I cannot repeat every word that my friend uttered. I was struck by something strange, which I had never noticed before, even when he had talked to me in moments of the greatest excitement. It was as if another being spoke out of his body, and moved him as much as it did me. It wasn't at all a case of a speaker being carried away by his own words. On the contrary; I rather felt as though he himself listened with astonishment and emotion to what burst forth from him with elementary force. I will not attempt to interpret this phenomenon, but it was a state of complete ecstasy and rapture, in which he transferred the character of Rienzi, without even mentioning him as a model or example, with visionary power to the plane of his own ambitions. But it was more than a cheap adaptation. Indeed, the impact of the opera was rather a sheer external impulse which compelled him to speak. Like flood waters breaking their dikes, his words burst forth from him. He conjured up in grandiose, inspiring pictures his own future and that of his people.
Hitherto I had been convinced that my friend wanted to become an artist, a painter, or perhaps an architect. Now this was no longer the case. Now he aspired to something higher, which I could not yet fully grasp. It rather surprised me, as I thought that the vocation of the artist was for him the highest, most desirable goal. But now he was talking of a mandate which, one day, he would receive from the people, to lead them out of servitude to the heights of freedom.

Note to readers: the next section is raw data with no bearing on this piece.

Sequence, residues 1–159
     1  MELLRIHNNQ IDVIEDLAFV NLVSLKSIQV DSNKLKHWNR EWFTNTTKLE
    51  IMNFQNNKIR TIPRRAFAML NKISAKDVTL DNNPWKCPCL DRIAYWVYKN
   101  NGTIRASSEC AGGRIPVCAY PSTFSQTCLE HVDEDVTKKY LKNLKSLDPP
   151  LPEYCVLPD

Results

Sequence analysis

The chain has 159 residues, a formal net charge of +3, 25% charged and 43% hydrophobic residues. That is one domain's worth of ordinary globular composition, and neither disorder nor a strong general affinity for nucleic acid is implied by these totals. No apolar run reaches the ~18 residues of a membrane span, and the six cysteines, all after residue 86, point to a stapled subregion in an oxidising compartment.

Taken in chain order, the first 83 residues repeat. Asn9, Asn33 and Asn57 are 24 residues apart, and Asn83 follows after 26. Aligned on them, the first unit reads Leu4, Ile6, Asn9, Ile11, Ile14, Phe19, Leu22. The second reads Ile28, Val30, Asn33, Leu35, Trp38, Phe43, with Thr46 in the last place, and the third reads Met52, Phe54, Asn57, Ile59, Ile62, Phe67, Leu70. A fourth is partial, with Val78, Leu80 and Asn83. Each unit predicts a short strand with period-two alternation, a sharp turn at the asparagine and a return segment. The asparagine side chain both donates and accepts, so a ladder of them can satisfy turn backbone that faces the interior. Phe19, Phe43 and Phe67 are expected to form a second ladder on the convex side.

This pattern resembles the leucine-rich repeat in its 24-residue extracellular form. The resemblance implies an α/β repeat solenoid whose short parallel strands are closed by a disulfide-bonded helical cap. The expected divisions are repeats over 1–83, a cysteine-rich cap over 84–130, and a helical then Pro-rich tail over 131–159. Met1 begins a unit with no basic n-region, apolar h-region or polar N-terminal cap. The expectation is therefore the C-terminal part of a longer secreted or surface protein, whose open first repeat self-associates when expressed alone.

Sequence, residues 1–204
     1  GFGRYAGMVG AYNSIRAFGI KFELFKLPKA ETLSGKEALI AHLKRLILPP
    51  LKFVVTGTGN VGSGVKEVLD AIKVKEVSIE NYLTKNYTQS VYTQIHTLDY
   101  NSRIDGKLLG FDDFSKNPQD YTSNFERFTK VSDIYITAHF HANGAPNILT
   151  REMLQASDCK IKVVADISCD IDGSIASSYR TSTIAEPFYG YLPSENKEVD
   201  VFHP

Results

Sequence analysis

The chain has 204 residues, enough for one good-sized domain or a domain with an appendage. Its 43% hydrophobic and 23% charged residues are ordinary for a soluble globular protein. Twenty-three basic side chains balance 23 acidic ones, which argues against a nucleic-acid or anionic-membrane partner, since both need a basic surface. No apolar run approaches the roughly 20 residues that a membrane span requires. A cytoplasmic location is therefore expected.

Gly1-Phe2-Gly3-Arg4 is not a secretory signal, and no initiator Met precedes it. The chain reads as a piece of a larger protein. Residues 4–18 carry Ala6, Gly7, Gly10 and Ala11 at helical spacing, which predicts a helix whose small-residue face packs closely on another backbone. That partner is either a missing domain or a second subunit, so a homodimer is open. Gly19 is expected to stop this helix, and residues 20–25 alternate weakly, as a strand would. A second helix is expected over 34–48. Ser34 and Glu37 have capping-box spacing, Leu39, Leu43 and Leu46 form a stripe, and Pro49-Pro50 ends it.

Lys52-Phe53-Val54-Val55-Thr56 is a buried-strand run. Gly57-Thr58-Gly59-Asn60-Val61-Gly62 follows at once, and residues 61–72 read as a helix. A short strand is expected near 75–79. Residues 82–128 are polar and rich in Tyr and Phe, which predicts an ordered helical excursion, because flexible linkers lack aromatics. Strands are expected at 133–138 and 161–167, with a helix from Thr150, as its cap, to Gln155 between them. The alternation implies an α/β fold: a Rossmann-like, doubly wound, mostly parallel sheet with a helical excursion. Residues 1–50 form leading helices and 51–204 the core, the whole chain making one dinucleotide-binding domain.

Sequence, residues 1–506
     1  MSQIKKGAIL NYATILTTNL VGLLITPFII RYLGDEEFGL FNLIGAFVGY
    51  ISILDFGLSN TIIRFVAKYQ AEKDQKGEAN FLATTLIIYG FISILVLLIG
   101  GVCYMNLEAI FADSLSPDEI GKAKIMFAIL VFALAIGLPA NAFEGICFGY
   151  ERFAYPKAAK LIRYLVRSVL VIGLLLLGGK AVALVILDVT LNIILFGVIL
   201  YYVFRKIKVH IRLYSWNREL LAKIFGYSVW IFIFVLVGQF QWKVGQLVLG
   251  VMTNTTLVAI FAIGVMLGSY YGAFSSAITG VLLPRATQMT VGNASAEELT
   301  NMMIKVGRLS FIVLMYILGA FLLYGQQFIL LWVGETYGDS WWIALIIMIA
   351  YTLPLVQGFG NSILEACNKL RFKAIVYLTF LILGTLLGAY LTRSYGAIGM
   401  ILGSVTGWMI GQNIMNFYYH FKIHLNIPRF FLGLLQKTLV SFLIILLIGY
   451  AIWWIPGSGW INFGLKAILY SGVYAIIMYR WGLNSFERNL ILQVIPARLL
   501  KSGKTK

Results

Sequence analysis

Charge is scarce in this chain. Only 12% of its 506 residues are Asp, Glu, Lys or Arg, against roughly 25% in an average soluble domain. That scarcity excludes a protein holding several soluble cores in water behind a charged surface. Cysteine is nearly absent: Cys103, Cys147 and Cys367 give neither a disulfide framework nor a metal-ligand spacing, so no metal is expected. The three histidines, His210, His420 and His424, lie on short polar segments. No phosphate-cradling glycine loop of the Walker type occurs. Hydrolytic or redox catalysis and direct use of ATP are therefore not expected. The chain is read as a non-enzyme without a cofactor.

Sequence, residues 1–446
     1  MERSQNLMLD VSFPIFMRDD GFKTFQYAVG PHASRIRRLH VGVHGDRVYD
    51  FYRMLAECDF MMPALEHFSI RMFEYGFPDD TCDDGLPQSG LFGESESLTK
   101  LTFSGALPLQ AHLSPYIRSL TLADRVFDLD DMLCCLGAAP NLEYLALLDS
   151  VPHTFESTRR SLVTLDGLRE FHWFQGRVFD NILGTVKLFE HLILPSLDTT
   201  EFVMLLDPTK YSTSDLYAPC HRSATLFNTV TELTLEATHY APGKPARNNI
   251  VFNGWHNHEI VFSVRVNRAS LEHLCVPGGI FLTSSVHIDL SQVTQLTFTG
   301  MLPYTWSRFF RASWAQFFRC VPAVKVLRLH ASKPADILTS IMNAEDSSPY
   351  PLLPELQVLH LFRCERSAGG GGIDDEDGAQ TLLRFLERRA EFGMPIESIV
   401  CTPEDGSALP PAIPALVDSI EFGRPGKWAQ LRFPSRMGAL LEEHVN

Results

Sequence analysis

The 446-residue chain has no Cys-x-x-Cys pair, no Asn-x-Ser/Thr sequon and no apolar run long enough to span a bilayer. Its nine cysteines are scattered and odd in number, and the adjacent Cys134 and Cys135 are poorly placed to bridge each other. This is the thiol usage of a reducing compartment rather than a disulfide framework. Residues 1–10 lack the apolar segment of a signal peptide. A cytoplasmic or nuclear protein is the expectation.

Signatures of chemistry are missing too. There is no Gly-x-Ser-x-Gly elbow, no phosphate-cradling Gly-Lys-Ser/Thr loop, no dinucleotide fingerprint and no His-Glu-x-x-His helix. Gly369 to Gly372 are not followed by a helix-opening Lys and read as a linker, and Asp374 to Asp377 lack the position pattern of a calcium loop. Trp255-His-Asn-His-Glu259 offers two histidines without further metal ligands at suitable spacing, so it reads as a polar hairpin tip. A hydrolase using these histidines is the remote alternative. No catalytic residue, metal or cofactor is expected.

It was an unknown youth who spoke to me in that strange hour. He spoke of a special mission which one day would be entrusted to him, and I, his only listener, could hardly understand what he meant. Many years had to pass before I realized the significance of this enraptured hour for my friend.
His words were followed by silence.
We descended into the town. The clock struck three. We parted in front of my house. Adolf shook hands with me, and I was astonished to see that he did not go in the direction of his home, but turned again towards the mountains.
"Where are you going now?" I asked him, surprised. He replied briefly, "I want to be alone."
In the following weeks and months he never again mentioned this hour on the Freinberg. At first it struck me as odd and I could find no explanation for his strange behavior, for I could not believe that he had forgotten it altogether. Indeed he never did forget it, as I discovered thirty-three years later. But he kept silent about it because he wanted to keep that hour entirely to himself. That I could understand, and I respected his silence. After all, it was his hour, not mine. I had played only the modest role of a sympathetic friend.
In 1939, shortly before war broke out, when I, for the first time visited Bayreuth as the guest of the Reichs Chancellor, I thought I would please my host by reminding him of that nocturnal hour on the Freinberg, so I told Adolf Hitler what I remembered of it, assuming that the enormous multitude of impressions and events which had filled these past decades would have pushed into the background the experience of a seventeen year old youth. But after a few words I sensed that he vividly recalled that hour and had retained all its details in his memory. He was visibly pleased that my account confirmed his own recollections. I was also present when Adolf Hitler retold this sequel to the performance of Rienzi in Linz to Frau Wagner, at whose home we were both guests. Thus my own memory was doubly confirmed. The words with which Hitler concluded his story to Frau Wagner are also unforgettable for me. He said solemnly, "In that hour it began."
Note the similarity in Hitler's speech at Nuremberg in 1936.